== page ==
• establishment of strategic relationships and partnerships with key stakeholders, targeting those with catchment management and environmental/biodiversity management mandates as well as those with direct impacts on water resources. The partnerships should be aimed at solving issues from the source as well as implementing interventions that can improve the impacts of poor catchment health.
  • collaboration with municipalities to upgrade and repair sewer and wastewater treatment infrastructure.
  • investigation of potential ecological infrastructure that can be restored upstream of strategic resource.
  • encourage controlled and rotational grazing and other sustainable land use management practices to local communities and farmers.
  • Implementation of sand mining interventions at the uMngeni-uThukela Water dams by Operations through UW Security Services. A motivation with recommendations was submitted to the Operations division to request Security Services to identify and stop all sand mining activities at UW dams. Illegal sand-miners are armed and threatening and therefore an armed security force is required to identify and stop all illegal sand mining activities at uMngeni-uThukela Water operated sites.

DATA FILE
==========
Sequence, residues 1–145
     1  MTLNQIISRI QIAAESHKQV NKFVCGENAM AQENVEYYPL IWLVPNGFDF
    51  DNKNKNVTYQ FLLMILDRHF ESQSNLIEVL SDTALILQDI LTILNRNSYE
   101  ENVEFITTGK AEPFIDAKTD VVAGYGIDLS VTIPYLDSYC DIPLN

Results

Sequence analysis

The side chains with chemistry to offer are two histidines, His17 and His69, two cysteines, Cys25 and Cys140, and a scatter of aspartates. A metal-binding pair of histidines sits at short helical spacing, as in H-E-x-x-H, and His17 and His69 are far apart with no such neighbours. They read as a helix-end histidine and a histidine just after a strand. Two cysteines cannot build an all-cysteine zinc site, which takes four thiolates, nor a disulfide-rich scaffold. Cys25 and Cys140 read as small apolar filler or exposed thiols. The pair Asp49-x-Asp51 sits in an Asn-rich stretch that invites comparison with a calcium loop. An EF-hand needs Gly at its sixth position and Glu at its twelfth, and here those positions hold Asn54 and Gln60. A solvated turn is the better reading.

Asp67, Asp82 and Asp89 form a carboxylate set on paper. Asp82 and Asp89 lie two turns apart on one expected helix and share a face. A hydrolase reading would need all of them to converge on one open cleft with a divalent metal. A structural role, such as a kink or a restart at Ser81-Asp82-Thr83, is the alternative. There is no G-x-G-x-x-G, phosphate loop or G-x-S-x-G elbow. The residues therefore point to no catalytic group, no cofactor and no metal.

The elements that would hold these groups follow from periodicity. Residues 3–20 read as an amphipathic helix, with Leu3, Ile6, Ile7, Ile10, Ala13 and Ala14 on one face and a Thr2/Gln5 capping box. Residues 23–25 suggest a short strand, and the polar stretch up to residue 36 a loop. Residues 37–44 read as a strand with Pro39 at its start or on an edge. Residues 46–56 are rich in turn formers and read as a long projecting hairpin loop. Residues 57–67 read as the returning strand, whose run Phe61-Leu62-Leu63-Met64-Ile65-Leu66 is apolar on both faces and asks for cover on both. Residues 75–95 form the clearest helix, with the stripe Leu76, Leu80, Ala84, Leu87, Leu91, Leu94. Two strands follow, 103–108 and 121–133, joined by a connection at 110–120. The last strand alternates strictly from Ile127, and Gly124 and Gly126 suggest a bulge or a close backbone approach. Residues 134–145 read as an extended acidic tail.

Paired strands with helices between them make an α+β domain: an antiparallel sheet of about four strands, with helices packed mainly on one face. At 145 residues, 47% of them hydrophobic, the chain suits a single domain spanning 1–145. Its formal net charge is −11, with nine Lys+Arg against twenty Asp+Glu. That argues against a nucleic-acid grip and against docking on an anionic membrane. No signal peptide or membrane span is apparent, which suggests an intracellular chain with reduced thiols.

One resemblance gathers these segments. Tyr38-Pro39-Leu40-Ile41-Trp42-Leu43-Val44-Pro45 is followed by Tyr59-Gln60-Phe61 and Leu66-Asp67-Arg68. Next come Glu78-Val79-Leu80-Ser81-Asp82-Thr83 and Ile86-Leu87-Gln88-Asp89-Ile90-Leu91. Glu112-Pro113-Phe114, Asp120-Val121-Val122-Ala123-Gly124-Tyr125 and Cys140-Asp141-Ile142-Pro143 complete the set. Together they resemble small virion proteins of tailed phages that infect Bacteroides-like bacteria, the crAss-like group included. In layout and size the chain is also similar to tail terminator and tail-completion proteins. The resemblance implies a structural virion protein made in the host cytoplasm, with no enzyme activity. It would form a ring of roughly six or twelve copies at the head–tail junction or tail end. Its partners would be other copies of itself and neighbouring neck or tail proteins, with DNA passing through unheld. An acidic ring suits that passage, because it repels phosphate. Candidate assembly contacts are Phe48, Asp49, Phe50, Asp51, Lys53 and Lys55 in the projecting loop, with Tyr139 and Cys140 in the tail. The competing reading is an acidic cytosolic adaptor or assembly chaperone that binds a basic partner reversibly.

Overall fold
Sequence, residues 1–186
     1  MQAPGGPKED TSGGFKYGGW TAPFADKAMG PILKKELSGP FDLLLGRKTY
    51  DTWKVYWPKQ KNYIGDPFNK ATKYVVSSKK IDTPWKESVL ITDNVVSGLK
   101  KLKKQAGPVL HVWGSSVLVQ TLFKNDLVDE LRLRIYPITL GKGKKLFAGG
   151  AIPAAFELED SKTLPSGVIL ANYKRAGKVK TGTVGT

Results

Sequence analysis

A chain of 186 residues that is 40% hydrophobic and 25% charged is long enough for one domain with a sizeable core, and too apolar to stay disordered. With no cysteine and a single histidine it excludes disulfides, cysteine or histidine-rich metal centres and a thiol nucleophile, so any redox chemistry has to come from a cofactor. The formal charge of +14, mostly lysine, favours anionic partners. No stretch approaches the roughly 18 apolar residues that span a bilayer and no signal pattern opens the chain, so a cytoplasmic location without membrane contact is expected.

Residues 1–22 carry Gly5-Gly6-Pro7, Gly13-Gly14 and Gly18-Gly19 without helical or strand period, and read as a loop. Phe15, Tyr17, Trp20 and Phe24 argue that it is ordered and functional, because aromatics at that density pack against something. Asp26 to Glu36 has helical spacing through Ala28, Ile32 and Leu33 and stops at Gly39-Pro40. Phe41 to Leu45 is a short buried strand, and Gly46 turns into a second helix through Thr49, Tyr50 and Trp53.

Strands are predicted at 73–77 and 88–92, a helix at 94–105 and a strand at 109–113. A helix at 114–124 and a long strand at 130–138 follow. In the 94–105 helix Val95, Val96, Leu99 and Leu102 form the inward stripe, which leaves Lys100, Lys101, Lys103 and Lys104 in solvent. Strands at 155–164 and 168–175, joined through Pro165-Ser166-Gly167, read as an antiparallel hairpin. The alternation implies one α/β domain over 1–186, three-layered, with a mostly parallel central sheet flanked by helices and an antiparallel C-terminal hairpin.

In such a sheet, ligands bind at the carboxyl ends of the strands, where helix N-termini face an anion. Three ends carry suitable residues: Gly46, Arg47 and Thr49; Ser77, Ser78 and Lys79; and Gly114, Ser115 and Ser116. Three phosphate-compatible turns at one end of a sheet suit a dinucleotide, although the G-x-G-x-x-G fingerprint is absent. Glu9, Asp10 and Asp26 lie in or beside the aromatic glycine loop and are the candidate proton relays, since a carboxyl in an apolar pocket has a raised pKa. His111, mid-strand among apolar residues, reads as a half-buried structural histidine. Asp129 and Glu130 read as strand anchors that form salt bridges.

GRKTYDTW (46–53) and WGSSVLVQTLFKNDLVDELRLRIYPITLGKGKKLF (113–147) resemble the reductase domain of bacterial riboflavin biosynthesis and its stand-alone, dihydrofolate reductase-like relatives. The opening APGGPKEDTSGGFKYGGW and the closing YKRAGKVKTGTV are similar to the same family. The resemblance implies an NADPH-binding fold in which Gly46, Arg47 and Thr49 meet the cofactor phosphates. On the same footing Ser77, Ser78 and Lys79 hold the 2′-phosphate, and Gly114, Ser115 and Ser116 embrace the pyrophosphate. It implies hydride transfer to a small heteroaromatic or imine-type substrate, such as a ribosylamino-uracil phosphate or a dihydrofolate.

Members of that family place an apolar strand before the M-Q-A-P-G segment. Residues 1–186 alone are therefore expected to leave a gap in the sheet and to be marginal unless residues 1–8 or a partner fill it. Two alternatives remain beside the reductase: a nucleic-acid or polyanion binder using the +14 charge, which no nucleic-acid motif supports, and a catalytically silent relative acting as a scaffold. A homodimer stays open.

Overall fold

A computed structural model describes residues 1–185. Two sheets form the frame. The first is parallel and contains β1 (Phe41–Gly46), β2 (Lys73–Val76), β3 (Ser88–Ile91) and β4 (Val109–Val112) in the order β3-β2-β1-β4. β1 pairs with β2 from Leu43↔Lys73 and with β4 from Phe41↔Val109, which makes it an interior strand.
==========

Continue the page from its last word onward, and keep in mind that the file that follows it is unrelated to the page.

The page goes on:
• Ensuring active participation at catchment management forums and other stakeholder engagement platforms for integrated water resource management.
  • collaboration with stakeholders and local communities to develop and implement integrated management plans both terrestrial and aquatic alien invasive vegetation.
  • appoint a service provider undertake catchment water quality modelling for all uMngeni-uThukela Water dams to understand the impacts of surrounding land use on water resource quality and to implement practical recommendations from specialists.